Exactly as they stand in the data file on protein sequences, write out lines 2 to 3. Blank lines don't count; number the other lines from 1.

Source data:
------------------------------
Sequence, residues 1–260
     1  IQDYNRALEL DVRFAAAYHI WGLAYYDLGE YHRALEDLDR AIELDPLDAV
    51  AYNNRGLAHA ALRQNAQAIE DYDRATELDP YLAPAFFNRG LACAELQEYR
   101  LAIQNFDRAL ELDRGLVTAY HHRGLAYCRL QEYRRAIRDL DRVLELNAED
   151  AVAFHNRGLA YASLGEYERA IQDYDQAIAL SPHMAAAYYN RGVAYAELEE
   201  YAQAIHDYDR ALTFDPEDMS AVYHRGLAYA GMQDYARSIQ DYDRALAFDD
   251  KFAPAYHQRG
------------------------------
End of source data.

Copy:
     1  IQDYNRALEL DVRFAAAYHI WGLAYYDLGE YHRALEDLDR AIELDPLDAV
    51  AYNNRGLAHA ALRQNAQAIE DYDRATELDP YLAPAFFNRG LACAELQEYR